To our surprise, a second round of eggs appeared not long after, but this one didn’t fare so well. Within a few weeks, we found the body of dead baby bird just below the nest. And the Pips—the whole family—suddenly disappeared. 

This pattern repeated itself for three years. The Pips would suddenly appear in the same nest each April, raise five healthy babies by mid-May, try again in June, and then disappear by July, leaving a nest of bones behind. 

After nine months away, they would come back, kick the leftover bones out of the nest, and start the cycle again. It became something of a seasonal delight, like strawberries in May, blueberries in July, and the Pumpkin Spice Latte in October. And, despite our best efforts, Dan and I got emotionally invested in the whole thing. 

Once, when I caught a pair of mockingbirds (otherwise know as the assholes of the sky) giving the Pips a hard time, I ran outside in my pajamas with a broom and screamed, “HEY! THIS IS PIP’S HOUSE! GET OUT OF HERE!” 

I imagined myself as something of a St. Francis figure in all of this, but Dan said I just looked like a crazy lady running through the yard without a bra on, screaming obscenities and waving a broom around. 

But don’t let him fool you. Dan loves the Pips as much as I do. Once, when he was mowing the lawn, he spotted a bunch of feathers scattered about near the edge of the property. Dan came inside, and gravely asked if I’d seen the Pips recently. We both stood by the window in nervous silence until, at last, we saw the pair of them flit up to the power line.  “Pip!!” we shouted together in relieved delight. Dan played it off, but I could tell he was truly relieved. 

We thought that perhaps our story with the Pips had reached an end when, last summer, after they had left for the season, Dan insisted on removing the nest. It had attracted a bunch of mites and spider webs over the past three years, and to be honest, we were getting a little tired of this reminder of the frailty of life that showed up in our carport without an invitation each year. I confess I got a little teary as Dan ceremoniously lifted the well-worn mess of leaves, twigs, moss, trash, and bones out of its spot to take it back into the woods.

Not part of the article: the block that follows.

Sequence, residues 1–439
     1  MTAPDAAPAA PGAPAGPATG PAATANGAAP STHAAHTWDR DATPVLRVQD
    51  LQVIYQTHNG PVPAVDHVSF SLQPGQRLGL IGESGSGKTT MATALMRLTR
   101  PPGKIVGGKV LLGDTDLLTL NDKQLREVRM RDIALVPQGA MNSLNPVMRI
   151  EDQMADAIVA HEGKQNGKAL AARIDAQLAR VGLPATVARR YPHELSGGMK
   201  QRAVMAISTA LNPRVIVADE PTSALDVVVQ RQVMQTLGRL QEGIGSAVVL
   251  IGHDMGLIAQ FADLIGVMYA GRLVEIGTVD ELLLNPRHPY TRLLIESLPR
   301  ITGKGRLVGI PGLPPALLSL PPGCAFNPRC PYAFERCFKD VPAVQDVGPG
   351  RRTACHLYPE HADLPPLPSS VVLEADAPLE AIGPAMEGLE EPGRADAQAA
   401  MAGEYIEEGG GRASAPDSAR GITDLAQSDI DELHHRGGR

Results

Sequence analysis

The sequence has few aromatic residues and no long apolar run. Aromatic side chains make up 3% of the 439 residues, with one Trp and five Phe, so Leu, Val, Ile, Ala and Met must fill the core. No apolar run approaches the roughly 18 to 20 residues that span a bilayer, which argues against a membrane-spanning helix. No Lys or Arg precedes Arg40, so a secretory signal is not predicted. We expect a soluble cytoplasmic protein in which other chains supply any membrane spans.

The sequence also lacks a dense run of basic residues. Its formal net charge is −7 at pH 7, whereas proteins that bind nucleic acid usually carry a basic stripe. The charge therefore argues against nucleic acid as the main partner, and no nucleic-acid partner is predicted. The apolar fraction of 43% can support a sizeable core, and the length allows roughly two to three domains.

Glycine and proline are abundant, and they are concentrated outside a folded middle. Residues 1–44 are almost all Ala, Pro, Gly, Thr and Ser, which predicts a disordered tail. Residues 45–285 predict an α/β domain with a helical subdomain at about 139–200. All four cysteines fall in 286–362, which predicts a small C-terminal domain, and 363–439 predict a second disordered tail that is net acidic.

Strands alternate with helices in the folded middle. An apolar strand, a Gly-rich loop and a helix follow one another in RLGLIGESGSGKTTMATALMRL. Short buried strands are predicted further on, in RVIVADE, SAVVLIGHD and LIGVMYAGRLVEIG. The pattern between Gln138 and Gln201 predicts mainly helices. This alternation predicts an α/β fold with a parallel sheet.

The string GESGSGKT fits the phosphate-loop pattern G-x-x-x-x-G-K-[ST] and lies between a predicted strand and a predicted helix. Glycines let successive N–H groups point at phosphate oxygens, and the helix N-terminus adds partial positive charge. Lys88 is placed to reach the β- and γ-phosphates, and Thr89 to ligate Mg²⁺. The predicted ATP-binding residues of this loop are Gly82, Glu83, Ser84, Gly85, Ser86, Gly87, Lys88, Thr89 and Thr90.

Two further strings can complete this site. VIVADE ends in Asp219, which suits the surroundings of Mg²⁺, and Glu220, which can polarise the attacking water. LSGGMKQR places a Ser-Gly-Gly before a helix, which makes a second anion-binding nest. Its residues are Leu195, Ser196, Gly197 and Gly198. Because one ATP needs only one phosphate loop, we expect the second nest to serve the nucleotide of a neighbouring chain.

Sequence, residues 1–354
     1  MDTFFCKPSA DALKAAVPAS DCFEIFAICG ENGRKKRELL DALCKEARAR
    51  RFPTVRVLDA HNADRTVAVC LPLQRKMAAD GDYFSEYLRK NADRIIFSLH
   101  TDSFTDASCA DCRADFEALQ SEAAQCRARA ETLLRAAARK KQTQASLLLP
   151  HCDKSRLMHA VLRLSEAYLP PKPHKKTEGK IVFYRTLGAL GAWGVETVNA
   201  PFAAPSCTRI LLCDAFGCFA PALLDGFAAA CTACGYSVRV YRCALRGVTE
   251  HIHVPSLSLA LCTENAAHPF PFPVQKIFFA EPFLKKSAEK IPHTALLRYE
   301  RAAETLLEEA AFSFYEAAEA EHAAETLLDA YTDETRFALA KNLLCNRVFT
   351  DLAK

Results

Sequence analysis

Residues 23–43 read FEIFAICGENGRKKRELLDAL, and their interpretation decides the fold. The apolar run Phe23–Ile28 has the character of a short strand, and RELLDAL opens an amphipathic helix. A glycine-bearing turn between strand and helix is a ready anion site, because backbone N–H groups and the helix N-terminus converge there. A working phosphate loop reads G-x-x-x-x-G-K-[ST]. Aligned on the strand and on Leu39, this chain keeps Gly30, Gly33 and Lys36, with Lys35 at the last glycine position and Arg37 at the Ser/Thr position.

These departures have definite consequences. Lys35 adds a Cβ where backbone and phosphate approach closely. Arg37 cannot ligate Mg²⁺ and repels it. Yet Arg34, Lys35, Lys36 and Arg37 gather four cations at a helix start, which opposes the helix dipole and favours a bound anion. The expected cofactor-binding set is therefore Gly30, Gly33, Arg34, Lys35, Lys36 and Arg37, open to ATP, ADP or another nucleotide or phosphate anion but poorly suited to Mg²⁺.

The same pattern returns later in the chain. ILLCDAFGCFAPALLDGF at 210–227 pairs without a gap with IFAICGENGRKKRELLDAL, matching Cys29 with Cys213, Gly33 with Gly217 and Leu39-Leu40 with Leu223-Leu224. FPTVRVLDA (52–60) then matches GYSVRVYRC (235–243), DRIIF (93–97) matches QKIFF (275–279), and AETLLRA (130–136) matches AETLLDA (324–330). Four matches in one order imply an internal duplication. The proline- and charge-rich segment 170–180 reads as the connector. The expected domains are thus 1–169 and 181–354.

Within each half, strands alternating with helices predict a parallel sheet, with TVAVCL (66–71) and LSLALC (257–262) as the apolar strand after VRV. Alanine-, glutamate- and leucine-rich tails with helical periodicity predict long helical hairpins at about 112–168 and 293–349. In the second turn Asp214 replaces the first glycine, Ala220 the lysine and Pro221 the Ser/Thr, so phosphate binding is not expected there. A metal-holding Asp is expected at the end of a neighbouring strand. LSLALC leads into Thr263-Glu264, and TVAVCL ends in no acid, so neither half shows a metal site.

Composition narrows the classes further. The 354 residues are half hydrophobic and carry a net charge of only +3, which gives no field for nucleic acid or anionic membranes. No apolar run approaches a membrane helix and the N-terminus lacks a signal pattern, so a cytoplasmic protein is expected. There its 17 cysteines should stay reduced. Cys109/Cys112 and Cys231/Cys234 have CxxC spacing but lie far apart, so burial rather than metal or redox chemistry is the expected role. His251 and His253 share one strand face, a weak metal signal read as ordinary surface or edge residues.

No trace of the Pips remained.  By winter, I’d nearly forgotten about them. 

So you can imagine my surprise when, nine months later, I pulled into the carport one chilly April evening and my headlights illuminated a mama flycatcher perched in the very same corner of the carport with her tail feathers in the air and frazzled look that plainly said:  “Where’s my nest, Bitch?” 

And so this year, we enjoyed yet another season of Pips, discussing them as though they were human neighbors: 

“Look! Pip’s got a caterpillar and is banging it against the railing to stun it! Nice!” 

“The last baby has left the nest! Maybe this year they’ll have the good sense not to try again.” 

“Pip’s mad. Look at his tuft; that’s what he does when he’s mad, I think.” 

“So I may have chased a cat down the street today. She was watching our yard a little too closely. Had to send a message.” 

“I haven’t seen Mr. Pip in a few days. You think he left her?” 

“How do you know it’s Mr. Pip and not Mrs. Pip who left? Maybe he’s been abandoned.”

“There’s a dead baby bird in the driveway. Please can you take care of it? It just makes me so sad.”  

“The Pips are gone. You think they’ll come back next year?” 

Jesus said that not a sparrow falls to the ground without the Father knowing. 

I’m not sure why God is so partial to sparrows when the flycatcher is clearly the superior bird, but regardless, unlike most Christians, I’ve never found this statement to be of profound comfort. 

Jesus said God knows when a sparrow falls, not that God will do anything about it. The fact that we are worth more to God than many sparrows will not spare us from the same cycle of life and death we watch play out in carport every year. 

But I suppose it’s nice to know that God isn’t afraid of getting too attached, that even though His most valued creation will experience suffering, pain, sadness, and death, He still gives us names.  

Judging from my Facebook wall, we’re not the only ones invested in the lives of a little bird family each spring. So I guess I wrote this post to let you know that if God’s eye is on the Pips, then God’s eye is on your birds too. Heck, it may even be on the mockingbirds. 

What a privilege to see the world a little more like Him each spring.